Reading The Fall of Rome: And the End of Civilization made me a bit more curious about ‘the Dark Ages.’ So with that in mind I picked up Europe after Rome: A New Cultural History 500-1000. One page 29:
If we take a long-term perspective, however, it is clear that inherited Roman bureaucracy did not endure. To assert that it decayed would be to adapt and inappropriate narrative of ‘decline and fall.’ Rather, its constituent elements-documentary forms, legal norms, tax accounting, judicial and archival procedures, and so on-disaggregated and thinned out. In places-but only in some places-fragments of the once-coherent bureaucratic regime then perished. Other fragments took on a new life. Men of property freed slaves, negotiated marriage contracts, endowed churches, and arranged their testamentary bequests in formal documents….
What does decline and fall mean if not the collapse of the social order? Well, it means many things. As Daniel Larison contended in response to my previous post there was a problematic attitude amongst the older generation of classicists to idealize and world of Greece and Rome, as if nothing of greatness occurred between 476 and the Renaissance (an attitude that came to the fore, not surprisingly, during the Renaissance). So you have peculiar situations where authors can report an unending sequence of facts which suggest an epoch of relative material scarcity and decreased social complexity who just won’t admit that judged by these metrics there was a downsizing.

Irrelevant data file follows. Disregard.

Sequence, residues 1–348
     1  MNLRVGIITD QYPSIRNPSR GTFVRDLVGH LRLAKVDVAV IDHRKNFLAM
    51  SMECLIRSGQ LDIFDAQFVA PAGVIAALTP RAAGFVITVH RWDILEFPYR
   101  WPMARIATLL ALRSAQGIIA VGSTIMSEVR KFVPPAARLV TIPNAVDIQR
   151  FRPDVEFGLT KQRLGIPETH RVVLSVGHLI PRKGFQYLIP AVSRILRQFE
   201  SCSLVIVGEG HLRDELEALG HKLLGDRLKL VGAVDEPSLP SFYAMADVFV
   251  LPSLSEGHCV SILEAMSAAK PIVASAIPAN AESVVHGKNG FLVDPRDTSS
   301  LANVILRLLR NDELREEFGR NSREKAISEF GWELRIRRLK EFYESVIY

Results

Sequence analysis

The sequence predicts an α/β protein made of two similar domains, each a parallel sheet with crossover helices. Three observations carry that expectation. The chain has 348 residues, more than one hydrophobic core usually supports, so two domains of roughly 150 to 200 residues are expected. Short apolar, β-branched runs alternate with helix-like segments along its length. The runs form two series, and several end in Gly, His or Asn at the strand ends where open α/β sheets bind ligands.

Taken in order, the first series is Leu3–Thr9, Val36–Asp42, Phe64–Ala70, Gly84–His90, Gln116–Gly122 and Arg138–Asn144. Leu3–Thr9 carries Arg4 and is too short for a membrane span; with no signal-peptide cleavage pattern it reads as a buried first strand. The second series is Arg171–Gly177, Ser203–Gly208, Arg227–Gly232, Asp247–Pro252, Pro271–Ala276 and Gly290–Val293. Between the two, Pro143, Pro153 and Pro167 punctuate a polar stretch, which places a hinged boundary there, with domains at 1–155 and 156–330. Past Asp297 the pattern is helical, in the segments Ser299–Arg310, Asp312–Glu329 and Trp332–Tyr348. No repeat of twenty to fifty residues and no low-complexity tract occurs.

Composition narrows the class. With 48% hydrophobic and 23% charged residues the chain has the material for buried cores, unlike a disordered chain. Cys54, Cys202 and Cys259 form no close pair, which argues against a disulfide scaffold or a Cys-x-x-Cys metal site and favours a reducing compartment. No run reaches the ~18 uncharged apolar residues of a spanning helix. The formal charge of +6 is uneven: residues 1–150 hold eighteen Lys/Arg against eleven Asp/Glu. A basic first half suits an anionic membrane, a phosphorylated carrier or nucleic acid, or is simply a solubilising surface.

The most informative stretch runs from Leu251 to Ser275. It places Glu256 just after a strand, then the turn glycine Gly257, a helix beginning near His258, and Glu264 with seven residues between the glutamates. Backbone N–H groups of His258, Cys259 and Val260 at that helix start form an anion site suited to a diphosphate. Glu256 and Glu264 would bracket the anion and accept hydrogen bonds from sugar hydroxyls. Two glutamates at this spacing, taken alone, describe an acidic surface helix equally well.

Update: Daniel Larison has a response. Let me be clear about one thing: I do not prefer diplomatic or institutional history. Nor do I shun it. But, I am curious as someone who wants to get the richest, most multi-dimensional, perception of the past, how the “small folk” lived.